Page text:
A business associate of the man who brought the first case of a mysterious Middle East virus to the U.S. has also tested positive for the disease, though he showed no signs of illness, federal health officials said Saturday.
The new infection — the third reported in the U.S. and the first transmitted on American soil — is in an Illinois man who met and shook hands with a health care worker who was hospitalized in Indiana after traveling from Saudi Arabia and was diagnosed May 2 with MERS, or Middle East respiratory syndrome.
The Illinois man had not traveled outside of the U.S. recently and he did not seek or require medical care, officials with the Centers for Disease Control and Prevention said in announcing the new infection Saturday. Instead, laboratory tests showed that the man had evidence of an apparent past infection in his blood. He continues to feel well, CDC officials said.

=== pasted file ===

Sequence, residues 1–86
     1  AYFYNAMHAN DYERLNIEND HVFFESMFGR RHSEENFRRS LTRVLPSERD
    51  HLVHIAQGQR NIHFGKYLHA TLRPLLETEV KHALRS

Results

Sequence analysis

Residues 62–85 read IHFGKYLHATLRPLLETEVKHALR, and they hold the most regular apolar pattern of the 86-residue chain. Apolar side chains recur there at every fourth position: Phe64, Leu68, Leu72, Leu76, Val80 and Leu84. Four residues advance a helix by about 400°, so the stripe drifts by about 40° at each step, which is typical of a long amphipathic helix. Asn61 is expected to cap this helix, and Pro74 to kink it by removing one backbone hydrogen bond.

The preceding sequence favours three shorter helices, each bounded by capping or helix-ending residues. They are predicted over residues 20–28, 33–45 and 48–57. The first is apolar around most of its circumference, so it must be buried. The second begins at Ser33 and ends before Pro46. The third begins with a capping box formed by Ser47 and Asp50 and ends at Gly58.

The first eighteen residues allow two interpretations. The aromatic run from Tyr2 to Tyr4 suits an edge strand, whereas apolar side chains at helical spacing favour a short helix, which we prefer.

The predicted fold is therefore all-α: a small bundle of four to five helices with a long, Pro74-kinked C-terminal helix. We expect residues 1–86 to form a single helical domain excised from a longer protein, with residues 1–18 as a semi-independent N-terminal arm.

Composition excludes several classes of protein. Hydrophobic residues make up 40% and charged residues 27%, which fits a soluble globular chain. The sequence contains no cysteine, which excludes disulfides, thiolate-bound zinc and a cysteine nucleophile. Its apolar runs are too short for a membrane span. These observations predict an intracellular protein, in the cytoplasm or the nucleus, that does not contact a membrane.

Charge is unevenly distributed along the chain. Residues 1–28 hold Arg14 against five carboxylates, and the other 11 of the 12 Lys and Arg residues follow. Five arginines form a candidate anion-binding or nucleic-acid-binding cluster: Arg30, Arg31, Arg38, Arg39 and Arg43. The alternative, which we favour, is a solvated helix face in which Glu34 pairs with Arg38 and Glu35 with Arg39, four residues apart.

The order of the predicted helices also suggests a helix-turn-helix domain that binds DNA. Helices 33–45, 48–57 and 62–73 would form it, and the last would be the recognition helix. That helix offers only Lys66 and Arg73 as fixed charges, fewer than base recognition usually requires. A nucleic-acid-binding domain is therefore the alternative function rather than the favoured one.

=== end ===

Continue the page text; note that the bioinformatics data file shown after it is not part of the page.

“This latest development does not change CDC’s current recommendations to prevent the spread of MERS,” said Dr. David Swerdlow, who is leading the agency’s response to the infection that has sickened more than 570 people and killed 172, mostly in Saudi Arabia. It is formally known as the MERS coronavirus, or MERS-CoV.
“It’s possible that as the investigation continues others may also test positive for the MERS-CoV infection but not get sick,” Swerdlow added in a statement.
Although he has evidence of past infection, the Illinois man is not considered an official MERS case under World Health Organization and CDC defintions, Swerdlow said.
The new infection was detected as part of efforts by CDC and state health departments to contact everyone connected with the Indiana man and a Florida man who was the second in the U.S. diagnosed with MERS May 11.